When I decided to undertake my undergraduate degree a Bachelor of Science in Ecotourism and Hospitality Management at Kisii University here in Kenya many of my family members and friends had no idea what it was or what it entailed. Many of them thought it had something to do with hospitals ignoring the ecotourism part and went straight to the hospitality word of the course. When I explained to them what it really entailed and broke their visions of me in hospital scrubs and a stethoscope, they looked at me confused and worried. “Wanjiku, what is this you are going to do for four years? Be a tour guide and show foreigners around?” They just couldn’t believe as most African parents did that I wasn’t going to do a medicine, engineering or law degree like the rest. I began to doubt myself, the tourism and hospitality industry in Kenya no doubt was one that had its highs and lows but mainly lows in the past few years. Due to the security issues that had faced Kenya from terrorist attacks to post election violence, the tourism industry one of the major foreign exchange earners was barely trying to pull itself in to recovery. Starting a travel company let alone looking for a job in one was going to be a frightful nightmare.
Inspite of all the dizzying questions swirling in my mind; I had no option and had to undertake the course for the next four years. Now when I think back I’m grateful that I took the jump and did it because I had a passion for the tourism/travel industry and what I learnt was invaluable. I couldn’t even begin to tell you how I my mind expanded within that short span of time but most important of all I learnt of how travel inevitably directly impacts our environment both negatively and positively. So here I am now four years later, still struggling with finding a good job in the industry, wondering what do with my life and above all how I can travel and let people know how they can travel sustainably or ethically.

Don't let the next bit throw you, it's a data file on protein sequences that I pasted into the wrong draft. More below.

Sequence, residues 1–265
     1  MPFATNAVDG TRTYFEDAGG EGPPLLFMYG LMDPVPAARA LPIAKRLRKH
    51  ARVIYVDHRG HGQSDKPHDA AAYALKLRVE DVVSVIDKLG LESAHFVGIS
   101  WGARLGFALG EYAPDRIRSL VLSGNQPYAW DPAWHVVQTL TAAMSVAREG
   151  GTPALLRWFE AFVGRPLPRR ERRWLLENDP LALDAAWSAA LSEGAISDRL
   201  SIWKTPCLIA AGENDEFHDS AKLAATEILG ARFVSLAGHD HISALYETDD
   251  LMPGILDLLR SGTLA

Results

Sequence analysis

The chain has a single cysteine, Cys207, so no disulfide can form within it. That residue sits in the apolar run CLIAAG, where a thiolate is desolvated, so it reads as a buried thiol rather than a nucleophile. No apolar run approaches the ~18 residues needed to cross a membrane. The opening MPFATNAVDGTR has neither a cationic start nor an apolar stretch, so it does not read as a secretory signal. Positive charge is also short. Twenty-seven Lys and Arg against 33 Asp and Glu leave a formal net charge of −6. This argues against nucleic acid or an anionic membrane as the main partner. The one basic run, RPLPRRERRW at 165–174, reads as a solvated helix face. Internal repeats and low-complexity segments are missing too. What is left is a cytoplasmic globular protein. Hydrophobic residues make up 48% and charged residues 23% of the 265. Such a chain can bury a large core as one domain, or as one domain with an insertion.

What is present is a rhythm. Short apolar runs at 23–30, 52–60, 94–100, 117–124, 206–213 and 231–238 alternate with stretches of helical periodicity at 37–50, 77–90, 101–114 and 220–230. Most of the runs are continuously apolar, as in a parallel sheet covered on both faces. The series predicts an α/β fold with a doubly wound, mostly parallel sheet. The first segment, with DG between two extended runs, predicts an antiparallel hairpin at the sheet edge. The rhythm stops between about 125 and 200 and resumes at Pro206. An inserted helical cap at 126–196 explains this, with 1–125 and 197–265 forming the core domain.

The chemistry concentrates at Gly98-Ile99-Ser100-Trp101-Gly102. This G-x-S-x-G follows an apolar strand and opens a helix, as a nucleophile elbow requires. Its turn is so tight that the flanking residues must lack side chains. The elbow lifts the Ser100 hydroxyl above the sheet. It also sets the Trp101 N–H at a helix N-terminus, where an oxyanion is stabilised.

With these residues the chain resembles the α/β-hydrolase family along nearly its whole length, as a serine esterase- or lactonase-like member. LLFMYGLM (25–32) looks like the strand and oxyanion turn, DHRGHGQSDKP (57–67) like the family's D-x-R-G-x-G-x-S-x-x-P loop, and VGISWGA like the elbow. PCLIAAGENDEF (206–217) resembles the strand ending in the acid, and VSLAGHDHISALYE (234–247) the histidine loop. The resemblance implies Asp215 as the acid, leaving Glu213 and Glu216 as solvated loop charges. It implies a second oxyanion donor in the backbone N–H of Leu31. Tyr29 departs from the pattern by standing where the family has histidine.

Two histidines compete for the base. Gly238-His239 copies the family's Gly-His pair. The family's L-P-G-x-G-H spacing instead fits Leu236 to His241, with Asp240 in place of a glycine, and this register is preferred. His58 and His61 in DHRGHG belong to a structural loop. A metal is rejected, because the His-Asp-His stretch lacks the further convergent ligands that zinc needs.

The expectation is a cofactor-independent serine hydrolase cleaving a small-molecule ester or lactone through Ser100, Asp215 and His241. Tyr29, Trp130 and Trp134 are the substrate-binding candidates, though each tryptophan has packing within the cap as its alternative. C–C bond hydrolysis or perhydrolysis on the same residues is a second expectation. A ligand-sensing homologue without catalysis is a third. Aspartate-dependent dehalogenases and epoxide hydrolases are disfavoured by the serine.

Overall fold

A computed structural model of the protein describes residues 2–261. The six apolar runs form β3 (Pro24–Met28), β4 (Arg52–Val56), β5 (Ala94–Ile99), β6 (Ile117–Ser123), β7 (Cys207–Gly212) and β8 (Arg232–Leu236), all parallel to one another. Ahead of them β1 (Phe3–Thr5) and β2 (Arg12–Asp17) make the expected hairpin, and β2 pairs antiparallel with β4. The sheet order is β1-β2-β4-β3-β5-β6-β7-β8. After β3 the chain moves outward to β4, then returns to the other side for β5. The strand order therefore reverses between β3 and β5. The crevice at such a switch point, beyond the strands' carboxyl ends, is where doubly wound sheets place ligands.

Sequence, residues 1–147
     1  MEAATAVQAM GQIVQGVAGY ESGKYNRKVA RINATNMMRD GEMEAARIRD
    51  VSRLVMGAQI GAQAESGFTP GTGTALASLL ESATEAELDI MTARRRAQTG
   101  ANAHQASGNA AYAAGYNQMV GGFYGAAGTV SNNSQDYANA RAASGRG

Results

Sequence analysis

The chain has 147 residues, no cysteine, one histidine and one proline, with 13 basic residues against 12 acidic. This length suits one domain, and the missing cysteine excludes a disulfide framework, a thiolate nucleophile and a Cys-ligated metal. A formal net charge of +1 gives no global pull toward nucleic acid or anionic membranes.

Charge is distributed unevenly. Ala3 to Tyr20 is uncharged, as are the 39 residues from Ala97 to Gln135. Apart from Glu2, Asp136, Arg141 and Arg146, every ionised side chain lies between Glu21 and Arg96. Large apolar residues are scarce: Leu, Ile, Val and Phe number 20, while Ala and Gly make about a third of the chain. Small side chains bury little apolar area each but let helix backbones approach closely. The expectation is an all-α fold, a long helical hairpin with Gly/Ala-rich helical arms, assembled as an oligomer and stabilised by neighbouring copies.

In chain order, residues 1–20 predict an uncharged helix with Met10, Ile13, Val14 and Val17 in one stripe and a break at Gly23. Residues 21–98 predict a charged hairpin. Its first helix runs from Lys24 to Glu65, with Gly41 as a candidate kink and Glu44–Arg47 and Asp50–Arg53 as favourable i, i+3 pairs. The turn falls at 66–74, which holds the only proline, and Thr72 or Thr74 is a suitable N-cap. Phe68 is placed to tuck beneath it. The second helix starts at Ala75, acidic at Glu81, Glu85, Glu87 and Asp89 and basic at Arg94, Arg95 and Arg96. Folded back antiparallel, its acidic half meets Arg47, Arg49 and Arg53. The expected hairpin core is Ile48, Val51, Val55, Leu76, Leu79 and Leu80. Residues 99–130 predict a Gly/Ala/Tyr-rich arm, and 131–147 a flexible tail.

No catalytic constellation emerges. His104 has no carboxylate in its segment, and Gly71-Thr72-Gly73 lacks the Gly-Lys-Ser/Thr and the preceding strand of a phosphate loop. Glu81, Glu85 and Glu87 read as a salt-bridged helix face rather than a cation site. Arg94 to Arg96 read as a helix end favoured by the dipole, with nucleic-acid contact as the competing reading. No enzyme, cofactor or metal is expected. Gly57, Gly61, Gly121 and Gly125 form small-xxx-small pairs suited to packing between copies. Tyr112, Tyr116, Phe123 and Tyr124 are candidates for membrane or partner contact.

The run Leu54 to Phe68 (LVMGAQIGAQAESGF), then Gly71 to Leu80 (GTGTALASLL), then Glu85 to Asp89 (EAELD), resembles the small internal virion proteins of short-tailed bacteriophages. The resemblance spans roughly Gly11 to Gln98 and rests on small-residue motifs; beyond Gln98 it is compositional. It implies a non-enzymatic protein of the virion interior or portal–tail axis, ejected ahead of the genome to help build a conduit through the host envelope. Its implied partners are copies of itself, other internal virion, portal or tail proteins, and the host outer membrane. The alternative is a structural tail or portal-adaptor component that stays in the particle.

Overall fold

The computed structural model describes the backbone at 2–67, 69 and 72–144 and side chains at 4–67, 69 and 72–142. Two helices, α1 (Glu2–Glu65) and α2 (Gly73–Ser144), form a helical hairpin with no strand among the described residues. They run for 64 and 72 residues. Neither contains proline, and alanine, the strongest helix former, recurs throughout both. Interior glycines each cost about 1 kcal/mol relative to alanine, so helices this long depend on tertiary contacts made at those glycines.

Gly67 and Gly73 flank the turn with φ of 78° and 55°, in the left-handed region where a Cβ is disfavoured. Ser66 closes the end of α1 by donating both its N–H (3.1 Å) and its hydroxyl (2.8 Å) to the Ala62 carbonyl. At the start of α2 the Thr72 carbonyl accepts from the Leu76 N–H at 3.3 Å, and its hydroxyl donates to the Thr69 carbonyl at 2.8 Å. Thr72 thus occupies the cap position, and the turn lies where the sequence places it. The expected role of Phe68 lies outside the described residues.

From the tens of definitions of I have read about sustainable travel including ethical travel/ ecotourism/ responsible travel/ green travel, it all boils down to one main purpose which is finding a way that tourism can be maintained long-term without harming natural and cultural environments. This includes valuing the environment and looking after our natural resources. Travelers need to be aware of how tourism affects local people, businesses and native cultures they also need to be more aware of pollution levels caused by travel and how that affects the environment and local wildlife. Sustainable travel should minimize the negative impacts of tourism and ideally be beneficial to the area in which it takes place. According to the (UN) World Tourism Organisation: it is the “management of all resources in such a way that economic, social, and aesthetic needs can be fulfilled while maintaining cultural integrity, essential ecological processes, biological diversity, and life support systems.”